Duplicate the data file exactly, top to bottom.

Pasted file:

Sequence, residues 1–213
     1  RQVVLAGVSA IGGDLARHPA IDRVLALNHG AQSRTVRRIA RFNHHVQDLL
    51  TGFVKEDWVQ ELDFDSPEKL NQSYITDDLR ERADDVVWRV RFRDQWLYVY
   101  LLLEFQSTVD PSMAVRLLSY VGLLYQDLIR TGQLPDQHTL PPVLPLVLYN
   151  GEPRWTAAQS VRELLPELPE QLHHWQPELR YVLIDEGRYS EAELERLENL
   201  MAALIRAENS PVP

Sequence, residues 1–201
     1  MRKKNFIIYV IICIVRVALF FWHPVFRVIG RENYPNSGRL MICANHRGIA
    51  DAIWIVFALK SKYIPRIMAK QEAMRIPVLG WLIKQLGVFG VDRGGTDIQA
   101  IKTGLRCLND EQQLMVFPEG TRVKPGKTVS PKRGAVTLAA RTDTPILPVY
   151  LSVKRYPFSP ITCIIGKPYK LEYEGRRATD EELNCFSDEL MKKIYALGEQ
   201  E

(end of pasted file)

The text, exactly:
Sequence, residues 1–213
     1  RQVVLAGVSA IGGDLARHPA IDRVLALNHG AQSRTVRRIA RFNHHVQDLL
    51  TGFVKEDWVQ ELDFDSPEKL NQSYITDDLR ERADDVVWRV RFRDQWLYVY
   101  LLLEFQSTVD PSMAVRLLSY VGLLYQDLIR TGQLPDQHTL PPVLPLVLYN
   151  GEPRWTAAQS VRELLPELPE QLHHWQPELR YVLIDEGRYS EAELERLENL
   201  MAALIRAENS PVP

Sequence, residues 1–201
     1  MRKKNFIIYV IICIVRVALF FWHPVFRVIG RENYPNSGRL MICANHRGIA
    51  DAIWIVFALK SKYIPRIMAK QEAMRIPVLG WLIKQLGVFG VDRGGTDIQA
   101  IKTGLRCLND EQQLMVFPEG TRVKPGKTVS PKRGAVTLAA RTDTPILPVY
   151  LSVKRYPFSP ITCIIGKPYK LEYEGRRATD EELNCFSDEL MKKIYALGEQ
   201  E